By Dr. Hal Schramm

Fish regulations are determined by length. For example, a “keeper” bass must be at least 14-inches long in some states or tournaments, but records, tournament standings and braggin’ rights are based on weight. Seems like a mismatch to me.

Length of fish can be measured several ways. Bass length for state laws and tournament rules is always measured as “total length”—the length from the tip of the snout to the tip of the tail fin. Squeeze the tail to make it touch that minimum acceptable length and I call it “maximum length.” Total length is easily, precisely and accurately measured. All it takes is an inexpensive measuring board or a ruler. Measuring boards can be easily compared for accuracy. Although small fish may measure a “skoch” longer on a belly board than a flat board, the positions of the inch marks are identical among all measuring boards. If three people measure the same fish, they will come up with the same total length, at least to within a tiny fraction of an inch.

Weight, on the other hand, requires more expensive scales, the scales have to calibrated, and even sensitive scales can give different weights when the wind is blowing, the boat is rocking or the fish is flopping. Because of this variation, record fish have to be weighed on certified scales by authorized personnel, and tournament weights are determined by weighing all of the fish on the same scale on the same platform. Exactly why records and winners are based on weight and not length is anybody’s guess, but it is well established that two largemouth bass of exactly the same length can differ in weight by a pound or more. Ditto for smallies. Which fish is bigger? I think all would agree that the heavier fish is bigger.
big show
If you really want to know what a bass weighs, buy a scale. Good ones cost $40 to $50, about one-tenth the cost of a good rod and reel. But for those who would rather spend the money on three or four new square bill crankbaits or a giant swimbait, here are some tables that can give you a good idea what a bass weighs. These tables can aid you if you’re considering conducting or participating in a “paper tournament” in which fish are measured, photographed and released.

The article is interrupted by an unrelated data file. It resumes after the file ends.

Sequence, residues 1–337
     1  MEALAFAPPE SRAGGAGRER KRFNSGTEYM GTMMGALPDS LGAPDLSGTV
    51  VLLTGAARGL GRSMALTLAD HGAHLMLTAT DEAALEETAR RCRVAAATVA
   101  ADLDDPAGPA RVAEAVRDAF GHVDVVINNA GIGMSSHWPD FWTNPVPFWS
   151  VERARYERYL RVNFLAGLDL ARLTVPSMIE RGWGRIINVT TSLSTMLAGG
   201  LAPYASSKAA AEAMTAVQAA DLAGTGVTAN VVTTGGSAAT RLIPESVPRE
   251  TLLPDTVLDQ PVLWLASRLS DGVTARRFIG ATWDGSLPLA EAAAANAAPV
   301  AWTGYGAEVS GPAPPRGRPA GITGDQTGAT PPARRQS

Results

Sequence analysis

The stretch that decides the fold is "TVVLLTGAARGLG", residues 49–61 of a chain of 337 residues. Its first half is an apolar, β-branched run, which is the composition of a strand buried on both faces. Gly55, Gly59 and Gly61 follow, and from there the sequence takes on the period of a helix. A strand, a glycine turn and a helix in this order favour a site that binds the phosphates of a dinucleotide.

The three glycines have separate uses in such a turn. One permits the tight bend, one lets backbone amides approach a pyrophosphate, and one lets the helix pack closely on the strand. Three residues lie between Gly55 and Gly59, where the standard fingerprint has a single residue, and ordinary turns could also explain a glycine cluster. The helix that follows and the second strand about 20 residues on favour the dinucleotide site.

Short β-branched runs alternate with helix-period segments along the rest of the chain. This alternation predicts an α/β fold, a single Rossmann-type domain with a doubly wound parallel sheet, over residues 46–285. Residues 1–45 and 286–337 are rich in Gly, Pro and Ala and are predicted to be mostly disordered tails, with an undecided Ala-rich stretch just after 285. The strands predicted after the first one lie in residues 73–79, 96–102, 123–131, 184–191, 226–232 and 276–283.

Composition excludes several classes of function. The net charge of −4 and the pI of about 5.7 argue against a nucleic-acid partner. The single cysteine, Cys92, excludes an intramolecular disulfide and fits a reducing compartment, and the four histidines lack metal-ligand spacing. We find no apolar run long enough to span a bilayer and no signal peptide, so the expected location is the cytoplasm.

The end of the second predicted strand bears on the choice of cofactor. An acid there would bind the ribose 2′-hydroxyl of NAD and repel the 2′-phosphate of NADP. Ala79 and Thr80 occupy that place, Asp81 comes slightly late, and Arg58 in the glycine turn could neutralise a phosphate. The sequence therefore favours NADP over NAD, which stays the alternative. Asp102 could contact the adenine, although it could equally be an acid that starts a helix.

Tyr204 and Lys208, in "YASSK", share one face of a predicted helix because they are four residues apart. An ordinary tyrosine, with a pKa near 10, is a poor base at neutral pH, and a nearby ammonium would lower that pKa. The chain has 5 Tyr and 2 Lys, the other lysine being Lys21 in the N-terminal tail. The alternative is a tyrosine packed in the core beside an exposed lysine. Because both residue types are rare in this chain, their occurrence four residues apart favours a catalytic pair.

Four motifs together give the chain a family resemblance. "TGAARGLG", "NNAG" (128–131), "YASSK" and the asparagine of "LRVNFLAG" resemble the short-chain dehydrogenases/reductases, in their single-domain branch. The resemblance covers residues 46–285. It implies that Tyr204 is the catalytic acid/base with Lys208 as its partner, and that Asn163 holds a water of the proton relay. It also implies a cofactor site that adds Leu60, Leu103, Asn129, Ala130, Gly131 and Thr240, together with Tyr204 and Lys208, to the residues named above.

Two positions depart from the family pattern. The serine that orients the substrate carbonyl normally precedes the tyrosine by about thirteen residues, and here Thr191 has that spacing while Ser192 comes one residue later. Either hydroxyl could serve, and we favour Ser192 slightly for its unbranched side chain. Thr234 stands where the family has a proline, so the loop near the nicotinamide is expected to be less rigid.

Before using these tables, understand that there are several ways to estimate bass weight from just the length. Every bass angler knows bass come in a variety of body shapes from starving, hollow-belly bass, to torpedo-shaped river bass, to footballs in lakes with super-abundant, energy-rich forage. There are also regional differences independent of forage. Largemouth bass in Minnesota tend to have higher weight-to-length ratios (they are “chunkier”) than largemouth in the South.

Because body depth and thickness strongly affect weight, some anglers opt for formulas that consider girth—the longest distance around a bass. The simplest of these formulas is:

Weight in pounds = (Total length in inches) X (Girth in inches)2.

I have a couple problems with estimating bass weight from girth. First, you need a flexible tape measure that you are more likely to find at a sewing store than at a tackle shop. (If you borrow the one from your wife’s sewing basket, be sure to wipe the slime off before returning.)  Second, while the formula may be dead-on for some bass, I can’t evaluate the accuracy because there is no data base of fish lengths and girths with matching weights.

The tables that follow for weights of largemouth bass and smallmouth bass are based on standard weight equations used by fisheries biologists throughout North America. They are based on length and weight data for thousands of bass from dozens of lakes and rivers. But, the tables have limitations.